With the tragedies of the Las Vegas and downtown Lawrence shootings still weighing heavily on the University of Kansas campus, KU’s Chabad House launched a campaign for positivity about three weeks ago that’s still going strong.
“People are still shaken by those events, and we are trying to come up with a way to maybe channel that fear into action,” said Rabbi Zalman Tiechtel, who has helped Chabad students spearhead the communitywide “Random Acts of Goodness and Kindness” campaign.
Here’s how it works: Scattered around Lawrence and the KU campus are “good cards” meant to inspire good deeds from whoever stumbles across them. If you find one of the tiny cards printed in KU colors, you have exactly 10 minutes to engage in an act of kindness before passing the card (each comes with a short set of instructions) along to the next person.
Folks can also share their stories on social media with the hashtag #kindnessinyourhands. Tiechtel, however, said the campaign isn’t about generating “likes.” He wants people to discover the joy of doing good for goodness' sake.
“It’s not just the act of kindness that’s effective, but it’s also the fact that it empowers the students who are holding that card to feel like now they have a mandate and are part of the solution,” Tiechtel said.
The death of three young people along Massachusetts Streets, the main “hangout” spot for so many KU students, weighed especially heavy on Tiechtel’s congregation at the Chabad House, KU’s “home away from home” for Jewish students.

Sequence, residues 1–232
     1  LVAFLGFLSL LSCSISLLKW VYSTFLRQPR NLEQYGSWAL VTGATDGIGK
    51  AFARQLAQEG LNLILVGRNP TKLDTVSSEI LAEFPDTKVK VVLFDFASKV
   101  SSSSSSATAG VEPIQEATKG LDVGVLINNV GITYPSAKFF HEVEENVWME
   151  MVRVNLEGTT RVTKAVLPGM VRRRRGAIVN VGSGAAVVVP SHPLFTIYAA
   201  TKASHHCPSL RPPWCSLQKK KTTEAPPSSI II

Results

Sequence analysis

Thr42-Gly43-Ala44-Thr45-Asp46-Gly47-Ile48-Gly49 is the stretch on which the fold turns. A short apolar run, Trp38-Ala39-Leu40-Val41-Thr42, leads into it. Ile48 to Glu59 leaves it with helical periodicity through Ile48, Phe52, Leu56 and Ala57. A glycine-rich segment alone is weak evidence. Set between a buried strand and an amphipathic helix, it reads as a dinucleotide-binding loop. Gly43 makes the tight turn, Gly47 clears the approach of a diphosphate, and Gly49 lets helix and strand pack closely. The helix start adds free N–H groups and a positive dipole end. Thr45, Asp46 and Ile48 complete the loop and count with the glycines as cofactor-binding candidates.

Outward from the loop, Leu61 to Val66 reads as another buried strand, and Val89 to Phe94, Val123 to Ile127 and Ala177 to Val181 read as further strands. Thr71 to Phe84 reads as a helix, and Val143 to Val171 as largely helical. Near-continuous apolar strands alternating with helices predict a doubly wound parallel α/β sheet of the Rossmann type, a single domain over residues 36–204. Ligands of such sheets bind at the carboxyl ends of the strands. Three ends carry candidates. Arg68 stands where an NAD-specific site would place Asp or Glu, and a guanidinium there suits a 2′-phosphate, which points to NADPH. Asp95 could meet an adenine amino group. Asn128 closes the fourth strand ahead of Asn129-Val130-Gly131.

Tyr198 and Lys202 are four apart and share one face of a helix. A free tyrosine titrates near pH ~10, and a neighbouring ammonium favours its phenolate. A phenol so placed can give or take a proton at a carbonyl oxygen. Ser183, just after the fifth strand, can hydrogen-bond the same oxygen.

But, he says, the response to the “good card” campaign over the last few weeks has been “incredible,” with student groups from across campus, as well as local businesses and community organizations, wanting to help distribute cards.
“We event got a call from Wichita,” Tiechtel said.
“People are very excited about it,” he said. “People are looking for light. People are looking for love.”
At first, Tiechtel and the students only printed 500 cards, not knowing how their campaign would be received. They’ve since printed an additional 1,000, followed by a batch of 2,000. Tiechtel expects they’ll run out soon, if the current trend keeps up.
Chabad House is now looking for sponsors to help cover printing costs, Tiechtel said, as the congregation only has the budget for relatively small orders.
“Our initial goal is to hit 5,000,” Tiechtel said. “Five thousand cards out there means 5,000 acts of kindness. That’s a lot of light.”
Those interested in donating to the campaign or having their own stack of cards to distribute are encouraged to contact the Chabad House by phone at 832-8672, via email at firstname.lastname@example.org or through the “Chabad at KU” Facebook page.
The center is located at 1203 W. 19th St.